It’s surreal and slightly scary knowing that you may potentially inherit a tiny human. But it’s also the greatest feeling in the world to know that someone has that much faith in you that they would trust you to raise and care for the most precious human in their life.

Even bad years have a reason

The harder years show you who you really are and how far you’ve come and how far you have yet to go. They fucking suck ass, but they teach you so much about yourself.

 Having an incurable autoimmune disease is not a death sentence it’s a wake-up call.

When I first got my diagnosis I was only able to look at the nail in the coffin. Two years and 3 intense treatments later I’ve come to realize that being sick doesn’t mean I have to be sick. It means I need to appreciate the life I have and am creating. I’ve taken this time to do things I never thought I’d do again like go back into ballet.

Your body is going to change.

My almost 29 year old body is nothing like the 22, 24, or even 27 year old body I had. This body aches a little more and is in pain a bit more often than it used to be. It doesn’t bend as much now and I don’t contort like I used to. But this current body has a lot of new battle scars and even when it’s achy or tired I know it’s strong.

Cherish your challenges.

This is one of the biggest lessons I’ve learned. When my life looked far from happy, I thought that it wasn’t fair that I had to experience so many difficulties. I wished that I would wake up one day and problems would just disappear. But the more I hoped for having a magic wand, the tenser my challenges have felt. Now I understand that sometimes the shortest way is to walk through the fire and stay open. Don’t close your eyes. Look around and see what the challenges are meant to teach you.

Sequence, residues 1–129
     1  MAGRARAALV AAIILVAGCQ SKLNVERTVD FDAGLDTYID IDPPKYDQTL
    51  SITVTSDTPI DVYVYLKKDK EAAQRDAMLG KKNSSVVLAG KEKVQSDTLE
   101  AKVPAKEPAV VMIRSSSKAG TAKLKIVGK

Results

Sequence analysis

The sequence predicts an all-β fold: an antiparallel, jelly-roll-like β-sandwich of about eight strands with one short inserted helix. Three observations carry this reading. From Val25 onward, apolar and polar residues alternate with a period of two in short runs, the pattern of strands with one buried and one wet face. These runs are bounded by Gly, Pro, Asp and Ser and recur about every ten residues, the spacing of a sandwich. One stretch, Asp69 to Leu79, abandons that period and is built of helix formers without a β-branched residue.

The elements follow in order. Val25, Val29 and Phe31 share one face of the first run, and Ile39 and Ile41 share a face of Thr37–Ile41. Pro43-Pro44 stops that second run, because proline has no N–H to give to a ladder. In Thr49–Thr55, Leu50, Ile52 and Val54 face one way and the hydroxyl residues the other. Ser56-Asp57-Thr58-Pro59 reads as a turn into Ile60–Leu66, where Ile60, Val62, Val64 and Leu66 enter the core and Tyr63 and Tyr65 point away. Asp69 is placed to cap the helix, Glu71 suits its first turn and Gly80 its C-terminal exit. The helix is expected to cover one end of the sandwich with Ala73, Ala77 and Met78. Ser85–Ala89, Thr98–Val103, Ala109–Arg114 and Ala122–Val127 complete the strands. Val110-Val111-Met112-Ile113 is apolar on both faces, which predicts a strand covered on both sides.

Very few people truly know what they’re doing in life.

It’s an illusion that most people have life figured out. If you sat down and really talked to people at any age, you’ll discover they’re just as insecure or unsure of themselves as you feel.

 Fake it till you make it.

If you don’t know how to do it – learn it. We’re all capable of learning as we go. Be confident in your mistakes and in your growths.

Do things alone.

Go to that movie alone, eat at that restaurant by yourself – doing things alone helps make you feel more comfortable with yourself. Learn to enjoy your own company.

 Be with yourself as you are without having to change anything.

The first time I heard this was a couple of years ago in a yoga class. It’s one of only a handful of phrases to stick with me from a class. We spend so much time trying to force ourselves to be different or better or skinnier or faster or smarter. We never just take the time to pause and be with ourselves the way we are right now. I’m not saying don’t continue to work toward your goals. But take a moment to make sure they haven’t changed or to verify that you aren’t there yet. Take a moment to appreciate you for you and to just be.

 Talk to people when you’re unsure or feel alone.

There were so many time this year where I felt like I just didn’t know if I was making good choices. I knew they were the right choices for me- but it seemed like everyone else was going the other way. I questioned everything- especially my teaching style. I was having auditions that seemed to go great- amazing feedback from students and teachers and potential employers. But then I wouldn’t hear back or the place would go with a teacher who taught fancy party tricks. It made me question whether people wanted yoga or if they wanted cirque de soleil. And usually right around the time I would feel like giving up I would talk to someone or someone would talk to me and I realized I wasn’t alone. I wasn’t the only teacher out there who found these fancy poses dangerous or unrealistic. I wasn’t the only one teaching in a different way or feeling out of place.

Trust yourself enough to fall.

You won’t break. You are more resilient than you think.

Believe in the beauty of your own words.

 A blank Word document, an empty journal, or that notebook you bought for your own poetry. Type. Write. Scribble. Press backspace or crumple up drafts if you need to. Just don’t be afraid to let your voice be heard